Jon Hamilton Jon Hamilton is a correspondent for NPR's Science Desk. Currently he focuses on neuroscience, health risks, and extreme weather.
Jon Hamilton 2010
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Jon Hamilton

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In Pregnancy, What's Worse? Cigarettes Or The Nicotine Patch?

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President Obama has pledged millions of dollars to fuel research into understanding the workings of the human brain. Zephyr/Science Source hide caption

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Zephyr/Science Source

Federal Brain Science Project Aims To Restore Soldiers' Memory

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When researchers at Weill Cornell Medical College scanned teenage brains, they found that the area that regulates emotional responses has to work harder to keep impulses in check. Courtesty Kristina Caudle/Developmental Neuroscience hide caption

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Courtesty Kristina Caudle/Developmental Neuroscience

Girls are particularly vulnerable to brain changes caused by stress or trauma, researchers say. Allen Johnson/iStockphoto.com hide caption

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Allen Johnson/iStockphoto.com
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Katherine Streeter for NPR

Brains Sweep Themselves Clean Of Toxins During Sleep

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Bob Adams is a lab animal veterinarian at Johns Hopkins University. Maggie Starbard/NPR hide caption

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Maggie Starbard/NPR

Scientists have discovered four new DEET-like mosquito repellents. Three of them are safe to eat. Courtesy of Pinky Kai/University of California, Riverside hide caption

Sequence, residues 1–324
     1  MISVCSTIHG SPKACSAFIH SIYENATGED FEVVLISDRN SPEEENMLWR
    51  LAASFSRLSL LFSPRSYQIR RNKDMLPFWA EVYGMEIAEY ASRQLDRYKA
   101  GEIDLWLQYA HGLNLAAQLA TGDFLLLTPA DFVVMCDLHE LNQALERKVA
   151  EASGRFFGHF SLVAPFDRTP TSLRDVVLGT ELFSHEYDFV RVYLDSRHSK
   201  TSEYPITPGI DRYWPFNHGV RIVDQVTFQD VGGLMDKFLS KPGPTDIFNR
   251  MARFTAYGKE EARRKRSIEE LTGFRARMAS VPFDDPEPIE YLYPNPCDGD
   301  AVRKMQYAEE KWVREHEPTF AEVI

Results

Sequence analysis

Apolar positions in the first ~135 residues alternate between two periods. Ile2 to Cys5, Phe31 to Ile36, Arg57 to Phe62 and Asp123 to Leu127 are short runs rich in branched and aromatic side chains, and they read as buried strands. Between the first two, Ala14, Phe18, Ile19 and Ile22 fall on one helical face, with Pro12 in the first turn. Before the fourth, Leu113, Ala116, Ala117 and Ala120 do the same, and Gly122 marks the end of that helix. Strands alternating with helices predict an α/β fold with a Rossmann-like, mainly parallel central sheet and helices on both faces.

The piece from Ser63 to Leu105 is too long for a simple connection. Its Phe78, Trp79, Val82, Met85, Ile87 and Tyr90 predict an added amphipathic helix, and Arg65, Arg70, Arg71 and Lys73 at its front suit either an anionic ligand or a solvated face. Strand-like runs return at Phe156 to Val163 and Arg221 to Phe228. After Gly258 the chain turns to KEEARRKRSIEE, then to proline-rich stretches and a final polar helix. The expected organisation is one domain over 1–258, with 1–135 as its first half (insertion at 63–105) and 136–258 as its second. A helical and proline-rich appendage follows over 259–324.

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Courtesy of Pinky Kai/University of California, Riverside

A DEET-Like Mosquito Spray That Smells Like Jasmine Or Grapes?

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Goddard Space Flight Center Scientific Visualization Studio/NASA

Does a glass or two of wine during pregnancy really increase the child's health risks? Epigenetics may help scientists figure that out. Katherine Streeter for NPR hide caption

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Katherine Streeter for NPR

A Global Hawk unmanned aircraft comes in for a landing at the Wallops Flight Facility in Wallops Island, Va., on Sept. 7, 2012, after studying Hurricane Leslie. The remotely controlled planes can stay in the air for as long as 28 hours and fly over hurricanes at altitudes of more than 60,000 feet. NASA hide caption

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NASA

Spy Drones Turning Up New Data About Hurricanes And Weather

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Strenuous mental exercise like reading difficult books, solving tricky math problems — or, maybe, playing the right video game — can help keep a healthy brain sharp, research suggests. Images.com/Corbis hide caption

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Images.com/Corbis

Multitasking After 60: Video Game Boosts Focus, Mental Agility

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